Edward Calvert (architect)
Edward Calvert (March 1847 – 26 June 1914) was a Scottish domestic architect.
Calvert's work appears to have been exclusively confined to Edinburgh, and was mostly concerned with the creation of Baronial tenements (particularly in Marchmont) and villas in the Second Empire and Jacobean styles. He is responsible for a varied selection of villas on or in the vicinity of Colinton Road in Merchiston; one of these was for many years the home of author Dorothy Dunnett. He is also known to have designed modifications for at least one New Town building, in Abercromby Place, in 1899.
He trained as an architect under Frederick Thomas Pilkington.
His work appears to be exclusively limited to domestic architecture in Edinburgh and was largely also done in partnership with the builder Peter Craig Renton. Much of his work (especially in Marchmont) shows strong stylistic influence from Sir James Gowans.
He died at his home, 80 Willowbrae Road, Edinburgh and is buried in the Grange Cemetery.
- 3 Ettrick Road (1885)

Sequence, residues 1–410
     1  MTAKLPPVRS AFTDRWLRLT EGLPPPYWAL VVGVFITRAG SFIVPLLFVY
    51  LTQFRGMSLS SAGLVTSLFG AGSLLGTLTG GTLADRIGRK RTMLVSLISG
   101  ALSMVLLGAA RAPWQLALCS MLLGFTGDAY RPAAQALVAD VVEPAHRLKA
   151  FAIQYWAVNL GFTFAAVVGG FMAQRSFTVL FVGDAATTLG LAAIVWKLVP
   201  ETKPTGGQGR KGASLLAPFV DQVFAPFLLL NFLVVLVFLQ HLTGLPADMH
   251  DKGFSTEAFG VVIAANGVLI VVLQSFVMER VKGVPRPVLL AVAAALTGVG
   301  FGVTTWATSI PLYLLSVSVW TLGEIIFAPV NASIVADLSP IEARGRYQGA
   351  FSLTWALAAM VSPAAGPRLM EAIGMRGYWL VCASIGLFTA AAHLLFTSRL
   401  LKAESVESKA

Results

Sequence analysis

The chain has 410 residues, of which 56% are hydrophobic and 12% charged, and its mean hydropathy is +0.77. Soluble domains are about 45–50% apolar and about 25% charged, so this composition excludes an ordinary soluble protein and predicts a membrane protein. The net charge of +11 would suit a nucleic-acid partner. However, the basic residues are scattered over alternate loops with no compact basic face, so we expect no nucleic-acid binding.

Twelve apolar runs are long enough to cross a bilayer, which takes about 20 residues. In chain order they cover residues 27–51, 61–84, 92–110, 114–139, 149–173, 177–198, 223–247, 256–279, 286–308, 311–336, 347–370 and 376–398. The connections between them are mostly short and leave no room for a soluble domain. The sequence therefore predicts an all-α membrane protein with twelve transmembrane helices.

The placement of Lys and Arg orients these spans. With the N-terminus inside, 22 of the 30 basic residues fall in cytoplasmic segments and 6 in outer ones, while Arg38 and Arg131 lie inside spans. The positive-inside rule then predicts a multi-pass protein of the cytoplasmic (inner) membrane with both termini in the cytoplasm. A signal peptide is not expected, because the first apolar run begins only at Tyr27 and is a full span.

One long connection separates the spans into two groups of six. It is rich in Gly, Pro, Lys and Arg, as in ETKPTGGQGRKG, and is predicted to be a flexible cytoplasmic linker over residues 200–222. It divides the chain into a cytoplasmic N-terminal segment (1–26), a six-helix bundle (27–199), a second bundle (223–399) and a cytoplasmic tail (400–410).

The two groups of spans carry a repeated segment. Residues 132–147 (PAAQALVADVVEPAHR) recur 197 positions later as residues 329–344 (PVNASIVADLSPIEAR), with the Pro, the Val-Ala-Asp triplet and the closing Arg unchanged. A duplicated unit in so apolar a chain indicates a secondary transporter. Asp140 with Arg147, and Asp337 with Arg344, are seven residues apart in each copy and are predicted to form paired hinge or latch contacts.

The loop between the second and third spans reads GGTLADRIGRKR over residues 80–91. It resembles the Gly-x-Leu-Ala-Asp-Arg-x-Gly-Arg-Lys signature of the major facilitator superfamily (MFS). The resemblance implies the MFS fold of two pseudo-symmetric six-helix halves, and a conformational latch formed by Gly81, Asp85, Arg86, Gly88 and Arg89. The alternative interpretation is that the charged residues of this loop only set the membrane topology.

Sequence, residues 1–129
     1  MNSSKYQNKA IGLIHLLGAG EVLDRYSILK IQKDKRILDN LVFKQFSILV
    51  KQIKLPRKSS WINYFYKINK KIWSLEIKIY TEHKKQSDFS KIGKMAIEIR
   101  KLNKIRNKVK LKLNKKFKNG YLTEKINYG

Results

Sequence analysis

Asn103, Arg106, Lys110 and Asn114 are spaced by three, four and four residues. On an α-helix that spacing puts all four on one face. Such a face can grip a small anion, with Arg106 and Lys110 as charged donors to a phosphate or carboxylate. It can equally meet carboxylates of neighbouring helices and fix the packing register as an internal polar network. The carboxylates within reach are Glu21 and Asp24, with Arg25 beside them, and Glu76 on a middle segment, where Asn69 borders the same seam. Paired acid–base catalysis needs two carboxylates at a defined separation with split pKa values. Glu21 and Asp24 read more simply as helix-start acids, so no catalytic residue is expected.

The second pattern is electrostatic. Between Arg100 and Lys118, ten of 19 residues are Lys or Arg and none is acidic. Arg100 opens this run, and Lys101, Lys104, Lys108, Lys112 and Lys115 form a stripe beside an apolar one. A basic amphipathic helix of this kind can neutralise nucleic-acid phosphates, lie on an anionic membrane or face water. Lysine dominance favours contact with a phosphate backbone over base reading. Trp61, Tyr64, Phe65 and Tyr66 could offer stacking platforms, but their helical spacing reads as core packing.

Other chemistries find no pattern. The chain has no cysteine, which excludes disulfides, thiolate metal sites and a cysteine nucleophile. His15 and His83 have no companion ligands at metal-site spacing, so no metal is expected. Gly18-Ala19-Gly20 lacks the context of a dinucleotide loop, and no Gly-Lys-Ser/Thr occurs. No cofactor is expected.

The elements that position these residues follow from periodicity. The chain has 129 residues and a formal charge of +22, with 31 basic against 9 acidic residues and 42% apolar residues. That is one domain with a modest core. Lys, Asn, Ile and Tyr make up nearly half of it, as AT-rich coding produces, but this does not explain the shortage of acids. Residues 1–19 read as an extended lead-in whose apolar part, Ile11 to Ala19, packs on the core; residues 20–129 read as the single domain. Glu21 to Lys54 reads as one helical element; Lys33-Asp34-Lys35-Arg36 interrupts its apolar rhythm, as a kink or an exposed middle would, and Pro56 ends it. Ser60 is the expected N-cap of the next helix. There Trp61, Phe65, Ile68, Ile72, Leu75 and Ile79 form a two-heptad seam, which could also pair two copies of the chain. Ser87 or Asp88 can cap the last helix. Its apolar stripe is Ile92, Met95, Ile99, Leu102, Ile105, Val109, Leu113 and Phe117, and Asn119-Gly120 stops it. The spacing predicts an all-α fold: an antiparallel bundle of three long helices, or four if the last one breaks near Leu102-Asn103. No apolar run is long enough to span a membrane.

- 20, 22, 38, and 40 Colinton Road (1888)
- 30 Polwarth Terrace (1891)
- Paired villas (120/122), and terrace 80–110 Polwarth Terrace (1893)
- 79/81, 83/85, and 87/89 Colinton Road (1902–04)
- 11 and 13 John Street, Portobello (1904)
- Parsons Green Terrace (1878)
- 56–66 Marchmont Crescent (1881)
- 1–23 (inclusive) Warrender Park Terrace, 2–16 Marchmont Road, and 2–8 Spottiswoode Street (1881–83)
- 158–174 Bruntsfield Place (1887)
- 2–16 Marchmont Road (1890)
- Viewforth Square (1891)
- 39–77 Slateford Road (1898)
- Brighton Mansions, 46–56 Bath Street, Portobello (1899)
- Windsor Mansions, 1–11 Straiton Place, Portobello (1899)
- Dictionary of Scottish Architects: Calvert
- Dictionary of Scottish Architects entry on Edward Calvert
- McWilliam, Colin (Editor), "The buildings of Scotland: Edinburgh", Penguin, 1984, ISBN 0-14-071068-X